Color Theory and Beyond
November 8, 2006 8:57 AM   Subscribe

Color Theory and Beyond: Recommend me a good book or references on color theory, including optical effects and concerns beyond just basics like complimentary, analagous, etc? (Expanding on this thread.)

I'd like a good book that not only explains the concepts but refers to works of art that exemplify the concepts as well.

I'd also like to create my own poster-sized reference chart that includes the BEST example of a common color wheel (so I'm looking for that) and a few illustrations of common effects, optical illusions, use of warm vs cool, color generating depth and dimension, and general tricks-of-the-trade/etc.

posted by Shane to Media & Arts (14 answers total) 11 users marked this as a favorite
shane, see my question for some help
posted by yonation at 9:00 AM on November 8, 2006

Arnheim's Art and Visual Perception is an excellent reference book although it deals with many optical effects, not just color.
posted by JJ86 at 9:47 AM on November 8, 2006

Josef Albers: Interaction of Color
posted by jdroth at 10:00 AM on November 8, 2006

don't really know if this is what you are looking for...
Pantone Guide to Communication with Color by Leatrice Eiseman
Color Index by Jim Krause
Graphic Designer's Color Handbook
Color: A Natural History of the Palette by Victoria Finlay

I also have a list of links that have to do with color. I can email them to you if you want.
posted by nimsey lou at 10:21 AM on November 8, 2006

Color Science may be relevant, depending on exactly what you are doing. It may offer more details about certain things than you need, though.
posted by epugachev at 11:06 AM on November 8, 2006

I don't know who these guys are but this site has a ton of information at various levels of technicality on color mixing, color vision, and other related stuff.
posted by aubilenon at 11:10 AM on November 8, 2006

Response by poster: Thanks, all!

Who is that artist, the guy who's a WHIZ at color theory and does abstract designs that just... mess with you because of the color interactions? His paintings range from just REALLY compelling to downright optical illusions, and he does it all with an incredible (and innovative, of course) understanding of color.

That's partially the kind of knowledge I'm looking for, kinda like:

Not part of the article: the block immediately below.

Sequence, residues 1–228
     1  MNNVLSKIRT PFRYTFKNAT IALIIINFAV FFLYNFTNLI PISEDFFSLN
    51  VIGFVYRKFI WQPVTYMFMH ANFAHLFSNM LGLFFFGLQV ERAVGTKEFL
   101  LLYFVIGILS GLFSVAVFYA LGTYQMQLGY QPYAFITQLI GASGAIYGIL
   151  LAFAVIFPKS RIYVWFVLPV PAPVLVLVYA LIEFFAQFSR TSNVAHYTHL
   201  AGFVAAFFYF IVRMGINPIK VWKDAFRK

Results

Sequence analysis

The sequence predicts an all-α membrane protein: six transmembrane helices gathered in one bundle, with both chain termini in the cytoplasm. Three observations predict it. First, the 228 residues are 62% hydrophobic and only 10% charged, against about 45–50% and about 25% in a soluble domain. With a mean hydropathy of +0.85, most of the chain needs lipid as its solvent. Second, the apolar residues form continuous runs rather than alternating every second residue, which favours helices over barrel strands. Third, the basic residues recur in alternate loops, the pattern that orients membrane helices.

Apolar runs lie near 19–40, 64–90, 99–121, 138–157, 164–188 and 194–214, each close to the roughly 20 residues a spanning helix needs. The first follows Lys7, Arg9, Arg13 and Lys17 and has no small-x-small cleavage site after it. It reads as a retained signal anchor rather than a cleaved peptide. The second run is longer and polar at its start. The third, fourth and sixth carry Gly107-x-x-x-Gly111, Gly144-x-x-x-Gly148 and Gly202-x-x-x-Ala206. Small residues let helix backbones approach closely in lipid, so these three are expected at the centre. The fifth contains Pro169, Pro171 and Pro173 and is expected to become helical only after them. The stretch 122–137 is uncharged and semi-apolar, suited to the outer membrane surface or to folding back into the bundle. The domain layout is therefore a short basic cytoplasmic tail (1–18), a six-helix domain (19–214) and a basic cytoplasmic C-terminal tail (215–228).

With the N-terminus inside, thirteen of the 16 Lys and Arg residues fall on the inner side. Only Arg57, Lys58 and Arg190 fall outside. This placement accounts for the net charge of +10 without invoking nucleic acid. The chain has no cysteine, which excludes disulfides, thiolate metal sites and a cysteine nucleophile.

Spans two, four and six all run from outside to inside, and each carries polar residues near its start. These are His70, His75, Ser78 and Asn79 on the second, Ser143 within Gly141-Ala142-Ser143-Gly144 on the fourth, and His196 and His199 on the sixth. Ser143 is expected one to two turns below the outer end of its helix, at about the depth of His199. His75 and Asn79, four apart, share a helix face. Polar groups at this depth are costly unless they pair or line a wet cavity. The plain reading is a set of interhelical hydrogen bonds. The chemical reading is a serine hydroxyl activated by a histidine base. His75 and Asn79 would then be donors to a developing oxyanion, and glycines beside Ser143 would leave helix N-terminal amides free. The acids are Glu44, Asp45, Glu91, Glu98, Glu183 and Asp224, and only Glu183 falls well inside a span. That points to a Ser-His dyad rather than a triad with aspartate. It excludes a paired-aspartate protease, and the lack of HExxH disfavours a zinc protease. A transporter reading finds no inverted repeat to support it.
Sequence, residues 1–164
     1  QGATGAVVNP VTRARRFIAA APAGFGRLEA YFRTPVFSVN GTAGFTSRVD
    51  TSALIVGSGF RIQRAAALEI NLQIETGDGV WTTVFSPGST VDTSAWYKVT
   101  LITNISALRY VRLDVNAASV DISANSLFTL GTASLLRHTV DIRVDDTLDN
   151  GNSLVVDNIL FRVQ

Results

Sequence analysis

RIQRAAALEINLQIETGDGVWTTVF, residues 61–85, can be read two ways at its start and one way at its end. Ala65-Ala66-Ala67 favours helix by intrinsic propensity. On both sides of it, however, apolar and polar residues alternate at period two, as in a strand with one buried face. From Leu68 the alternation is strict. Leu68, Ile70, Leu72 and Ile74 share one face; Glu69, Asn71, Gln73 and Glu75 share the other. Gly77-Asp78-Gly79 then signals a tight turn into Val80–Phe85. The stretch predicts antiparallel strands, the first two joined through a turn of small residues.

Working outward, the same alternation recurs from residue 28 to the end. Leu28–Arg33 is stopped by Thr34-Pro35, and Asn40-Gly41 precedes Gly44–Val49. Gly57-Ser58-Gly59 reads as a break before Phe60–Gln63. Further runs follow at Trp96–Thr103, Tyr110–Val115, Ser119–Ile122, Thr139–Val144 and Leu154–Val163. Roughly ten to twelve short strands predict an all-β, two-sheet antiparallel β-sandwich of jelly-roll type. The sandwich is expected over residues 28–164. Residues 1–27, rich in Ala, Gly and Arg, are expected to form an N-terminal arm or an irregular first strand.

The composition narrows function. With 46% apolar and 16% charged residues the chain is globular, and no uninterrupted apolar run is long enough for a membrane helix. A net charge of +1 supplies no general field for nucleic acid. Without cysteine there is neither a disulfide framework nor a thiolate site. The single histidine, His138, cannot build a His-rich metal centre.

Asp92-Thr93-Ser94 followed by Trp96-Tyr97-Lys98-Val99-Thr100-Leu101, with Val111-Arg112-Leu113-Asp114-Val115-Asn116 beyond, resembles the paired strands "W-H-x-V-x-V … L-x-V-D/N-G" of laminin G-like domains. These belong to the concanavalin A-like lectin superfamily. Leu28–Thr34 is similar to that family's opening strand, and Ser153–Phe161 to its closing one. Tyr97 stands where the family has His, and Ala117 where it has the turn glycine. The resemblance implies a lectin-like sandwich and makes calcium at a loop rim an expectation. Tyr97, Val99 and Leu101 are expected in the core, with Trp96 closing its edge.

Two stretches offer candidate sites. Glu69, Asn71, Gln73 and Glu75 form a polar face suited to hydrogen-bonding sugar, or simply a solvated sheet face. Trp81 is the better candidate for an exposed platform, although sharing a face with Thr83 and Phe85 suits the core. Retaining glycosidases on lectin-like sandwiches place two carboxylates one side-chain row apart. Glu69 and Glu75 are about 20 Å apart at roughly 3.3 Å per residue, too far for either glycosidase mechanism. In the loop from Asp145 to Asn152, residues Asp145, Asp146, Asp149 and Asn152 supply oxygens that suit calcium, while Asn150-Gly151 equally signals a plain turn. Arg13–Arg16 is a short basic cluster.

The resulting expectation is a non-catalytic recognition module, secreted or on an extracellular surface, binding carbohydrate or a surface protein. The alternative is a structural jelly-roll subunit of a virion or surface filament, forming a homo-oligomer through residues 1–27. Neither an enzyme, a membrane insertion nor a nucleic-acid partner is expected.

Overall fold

[Such-and-such color scheme] makes the square look so much smaller than it really is... [Such-and-such color scheme] makes the triangle [recede/pop out in your face/shimmer/whatever], etc...
posted by Shane at 11:39 AM on November 8, 2006

There's an interesting article in a recent American Scientist. You might check out some of the titles in the bibliography. You should be able to find the magazine at a decent public or university library.
posted by sevenless at 12:01 PM on November 8, 2006

Response by poster: Whoa. Not whom I was thinking of, but cool.
posted by Shane at 1:19 PM on November 8, 2006 [1 favorite]

Stephen Quiller has a good book on this. It's describing his own theory, so it's not a totally neutral reference work, but still very interesting.
posted by LobsterMitten at 9:06 PM on November 8, 2006

josef albers "interaction of color" and johannes itten "the art of color" are the two definitive texts on color theory.

The itten one is packed not only with color squares, but also actual artwork that demonstrates the concepts described. it comes at a real premium though - i think the cover price is something like $100.

The albers book is cheap (sub-$20, if i remember correctly), but doesn't have any color plates. It's all text.
posted by chrisege at 6:54 AM on November 9, 2006 [1 favorite]

I got my copy of Albers for $4.50 at a used book store. It has a few (not many) color plates.
posted by jdroth at 2:58 PM on November 9, 2006

I just saw this crash course on color theory on digg or someplace; it might be just what you are looking for.
posted by caddis at 1:39 PM on November 10, 2006

Another one. The tubes are stuffed with this stuff all of a sudden.
posted by caddis at 4:17 PM on November 11, 2006

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